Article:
The advantages of offshore LNG terminals go far beyond the "out of sight, out of mind" palliative. For starters, there are many favorable construction locations close to shipping lanes, where the LNG tankers can easily and safely access the terminal.
And in a time when homeland security has become a high-visibility issue, offshore LNG terminals stand out as a way to reduce the threat from terrorists, who target areas of high population density.
Building extremely large gravity-based structures (GBSs) is not new business. The offshore processing idea simply takes two mature, proven technologies and combines them in a new way, Pepper said.
Statoil's Troll platform in the Norwegian North Sea is an example of an enormous GBS working in harsh environment conditions in 900 ft of water. Built by Norske Shell, the platform was towed into the North Sea in 1996. The Hibernia platform off Atlantic Canada is another example of a GBS working in extreme conditions. The sea conditions are much more benign where GBSs are being considered for offshore LNG processing.
GBS with optional breakwater caissons.
In terms of concrete volume, the Troll platform has more than twice as much as any of the GBSs Pepper is proposing. "Even the largest GBS we are talking about is less than 100,000 cu m of concrete, and it is only going to stand in 50 ft of water. Building a concrete structure offshore to house this type of facility is simple in comparison.
In terms of stability, the GBSs built for offshore LNG processing will be even more immovable than those constructed for harsh-environment production. "These GBSs are going to be like very large concrete bricks sitting on the ocean floor in shallow water. Their stability is significantly greater than those built for the North Sea," Pepper said.
The actual processing facilities of an offshore facility are identical to those of a facility onshore, he said. The coupling of the two ideas is what makes an offshore terminal possible.
Now is the time to market this idea, Pepper said. "The value chain for LNG is moving offshore."
Onshore LNG facilities employ one of three types of containment systems: the self-supporting prismatic type B (SPB) tank, the spherical Moss type tank, and the Technigaz type membrane tank. All of these have proven to be safely operational on LNG carriers.
Offshore GBS considerations disqualify the Moss style tank as an option because of the tank's height. The high open concrete box structure of the GBS with the Moss tank inside creates an air space that makes the tank buoyant. The objective of the GBS is to place the structure on the ocean floor.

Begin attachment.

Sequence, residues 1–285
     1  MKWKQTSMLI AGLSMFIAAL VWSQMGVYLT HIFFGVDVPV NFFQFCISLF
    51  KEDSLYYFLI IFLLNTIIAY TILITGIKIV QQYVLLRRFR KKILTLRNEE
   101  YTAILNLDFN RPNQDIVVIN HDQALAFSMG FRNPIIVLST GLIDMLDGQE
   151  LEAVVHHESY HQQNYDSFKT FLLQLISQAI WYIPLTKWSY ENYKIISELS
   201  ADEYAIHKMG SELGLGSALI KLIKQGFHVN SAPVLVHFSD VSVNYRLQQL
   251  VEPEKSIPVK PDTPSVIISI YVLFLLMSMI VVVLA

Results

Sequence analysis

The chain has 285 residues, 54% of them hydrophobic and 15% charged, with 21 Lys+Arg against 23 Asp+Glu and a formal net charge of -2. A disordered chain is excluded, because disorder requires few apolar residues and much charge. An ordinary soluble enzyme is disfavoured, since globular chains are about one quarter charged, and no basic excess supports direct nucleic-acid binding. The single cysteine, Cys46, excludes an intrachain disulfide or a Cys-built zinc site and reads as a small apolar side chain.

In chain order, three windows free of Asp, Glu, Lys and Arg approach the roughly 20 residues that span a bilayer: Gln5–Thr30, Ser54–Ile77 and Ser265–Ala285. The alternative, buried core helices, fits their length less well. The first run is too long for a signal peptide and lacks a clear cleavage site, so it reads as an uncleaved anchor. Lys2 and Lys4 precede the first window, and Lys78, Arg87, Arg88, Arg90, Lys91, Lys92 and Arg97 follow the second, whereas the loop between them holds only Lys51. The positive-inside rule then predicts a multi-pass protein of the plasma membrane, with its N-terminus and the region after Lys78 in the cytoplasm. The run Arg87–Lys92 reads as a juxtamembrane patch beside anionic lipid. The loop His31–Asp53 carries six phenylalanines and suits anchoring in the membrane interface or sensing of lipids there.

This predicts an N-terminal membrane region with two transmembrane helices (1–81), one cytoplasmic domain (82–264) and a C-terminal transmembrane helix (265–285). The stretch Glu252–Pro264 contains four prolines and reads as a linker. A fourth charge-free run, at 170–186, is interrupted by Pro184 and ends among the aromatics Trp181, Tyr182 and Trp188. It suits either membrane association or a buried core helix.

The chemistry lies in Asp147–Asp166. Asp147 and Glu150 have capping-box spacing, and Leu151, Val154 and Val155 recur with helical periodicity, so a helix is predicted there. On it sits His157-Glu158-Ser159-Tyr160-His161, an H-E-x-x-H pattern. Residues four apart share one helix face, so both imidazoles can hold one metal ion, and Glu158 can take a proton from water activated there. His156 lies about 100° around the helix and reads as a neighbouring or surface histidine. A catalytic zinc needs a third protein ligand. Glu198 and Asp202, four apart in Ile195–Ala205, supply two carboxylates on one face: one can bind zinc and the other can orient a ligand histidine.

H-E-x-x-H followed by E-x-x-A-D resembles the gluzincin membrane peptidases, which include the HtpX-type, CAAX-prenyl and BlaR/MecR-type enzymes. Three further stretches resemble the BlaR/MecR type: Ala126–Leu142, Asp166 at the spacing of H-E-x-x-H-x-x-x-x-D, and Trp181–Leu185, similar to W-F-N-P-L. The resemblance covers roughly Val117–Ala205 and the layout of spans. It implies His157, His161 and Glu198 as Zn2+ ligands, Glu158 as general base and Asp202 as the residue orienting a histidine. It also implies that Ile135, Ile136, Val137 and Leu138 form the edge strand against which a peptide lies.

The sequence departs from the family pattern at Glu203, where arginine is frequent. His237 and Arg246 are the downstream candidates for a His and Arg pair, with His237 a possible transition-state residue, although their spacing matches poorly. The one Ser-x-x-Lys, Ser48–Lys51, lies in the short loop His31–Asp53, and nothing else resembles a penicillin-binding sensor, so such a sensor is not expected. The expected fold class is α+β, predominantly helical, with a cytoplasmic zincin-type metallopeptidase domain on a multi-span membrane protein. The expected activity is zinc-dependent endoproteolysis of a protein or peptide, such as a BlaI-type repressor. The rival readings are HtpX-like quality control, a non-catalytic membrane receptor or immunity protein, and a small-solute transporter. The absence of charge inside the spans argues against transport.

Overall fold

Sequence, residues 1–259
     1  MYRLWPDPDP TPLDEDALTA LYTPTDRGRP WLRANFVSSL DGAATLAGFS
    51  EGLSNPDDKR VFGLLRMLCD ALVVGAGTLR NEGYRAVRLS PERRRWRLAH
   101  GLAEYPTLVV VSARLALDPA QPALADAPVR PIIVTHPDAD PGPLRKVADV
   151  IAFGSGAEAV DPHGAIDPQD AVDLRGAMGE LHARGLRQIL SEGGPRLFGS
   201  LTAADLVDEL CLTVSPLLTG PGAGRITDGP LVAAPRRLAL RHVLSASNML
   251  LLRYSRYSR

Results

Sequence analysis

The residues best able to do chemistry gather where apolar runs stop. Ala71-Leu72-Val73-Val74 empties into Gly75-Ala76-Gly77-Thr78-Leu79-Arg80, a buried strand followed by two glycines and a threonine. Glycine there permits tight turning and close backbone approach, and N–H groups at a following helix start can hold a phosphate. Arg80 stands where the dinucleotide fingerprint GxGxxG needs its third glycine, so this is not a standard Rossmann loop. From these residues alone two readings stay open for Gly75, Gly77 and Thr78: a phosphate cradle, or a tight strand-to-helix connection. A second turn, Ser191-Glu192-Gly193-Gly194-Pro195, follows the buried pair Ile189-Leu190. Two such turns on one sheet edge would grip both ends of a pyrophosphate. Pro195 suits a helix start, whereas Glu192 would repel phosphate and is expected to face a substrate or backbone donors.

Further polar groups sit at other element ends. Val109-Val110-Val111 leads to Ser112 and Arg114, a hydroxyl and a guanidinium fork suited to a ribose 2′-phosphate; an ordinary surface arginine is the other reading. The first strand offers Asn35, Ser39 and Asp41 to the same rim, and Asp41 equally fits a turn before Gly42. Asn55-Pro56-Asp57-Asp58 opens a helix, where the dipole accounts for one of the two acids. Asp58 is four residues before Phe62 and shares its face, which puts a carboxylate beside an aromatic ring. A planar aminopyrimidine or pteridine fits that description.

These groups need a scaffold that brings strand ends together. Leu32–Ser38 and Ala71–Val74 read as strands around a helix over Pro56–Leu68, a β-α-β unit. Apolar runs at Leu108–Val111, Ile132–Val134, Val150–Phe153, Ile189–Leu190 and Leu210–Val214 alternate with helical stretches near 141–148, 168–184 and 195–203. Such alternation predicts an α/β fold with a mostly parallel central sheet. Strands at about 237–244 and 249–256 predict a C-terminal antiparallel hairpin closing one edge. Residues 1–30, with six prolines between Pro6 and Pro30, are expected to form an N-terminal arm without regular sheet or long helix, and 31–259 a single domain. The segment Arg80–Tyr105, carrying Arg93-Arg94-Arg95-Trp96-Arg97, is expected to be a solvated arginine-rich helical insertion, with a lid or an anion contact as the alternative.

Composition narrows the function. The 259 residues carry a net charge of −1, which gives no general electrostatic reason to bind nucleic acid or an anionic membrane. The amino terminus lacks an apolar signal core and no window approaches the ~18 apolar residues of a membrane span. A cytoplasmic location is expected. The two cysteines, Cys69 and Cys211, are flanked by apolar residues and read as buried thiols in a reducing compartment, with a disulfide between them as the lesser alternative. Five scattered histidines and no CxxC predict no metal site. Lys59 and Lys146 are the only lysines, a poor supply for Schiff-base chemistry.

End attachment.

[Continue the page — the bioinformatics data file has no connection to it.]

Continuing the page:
Choice, then, is limited to the Technigaz membrane tank or the SPB tank. GBS construction is the same with either tank, Pepper said.
There are two viable construction strategies for GBS LNG facilities, Pepper said. One option is to build a single GBS structure with multiple LNG tanks. The other choice is to build multiple GBS structures, each containing a single tank.
Installation location dictates the construction strategy because these structures are so large and so heavy that it is only feasible to build them near the installation site. Construction options are also limited by yard capability.
"In order to build the single-GBS, multiple-tank structure, the yard requires 16-18 m of water depth at the shipyard channel," Pepper said.
The water depth requirement limits construction options to two or three European yards. Though this structure is less expensive to build because it contains less concrete, towing costs are too great to consider using the multi-tank, single-GBS structure in very many areas of the world.
The multi-GBS single-tank option will be the most likely choice, according to Pepper, because it can be built in more yards around the world. Construction requires only 10-12 m draft for tow out. And because more yards are capable of building this type of GBS, competition among shipyards could result in lower construction costs.
The multi-GBS structure does require a little more offshore work, building a connecting bridge and pipe between the two GBS structures, which is unnecessary with the single-GBS structure. The positive side of this is that the technology is exactly the same as that used to connect two fixed offshore platforms offshore. "There's no new technology or effort. It is just that there is one additional marine function in this configuration that does not exist in the other."
An advantage of the multi-GBS structure is that if more LNG storage capacity were needed, the simple solution would be to simply buy another GBS with the tank in it and add it to the existing structure. This building block principle could be used indefinitely to increase capacity.
Aside from resolving the Nimby problem, using offshore LNG terminals has other advantages.
An offshore GBS could be positioned near shipping lanes with easy and safe access to LNG tankers. The LNG tankers can access the terminal easily and safely without the need to construct large docks and jetties. This makes them more environmentally friendly, while it brings the gas closer to the market where it is needed, something the present arrangement does not allow.
Most likely, most of the North American LNG terminals will be located onshore, Pepper said. But he believes there is a case to be made for building an offshore GBS LNG processing facility in the Gulf Coast. "I feel confident that an offshore GBS LNG facility will be under construction somewhere in the world by the end of this year."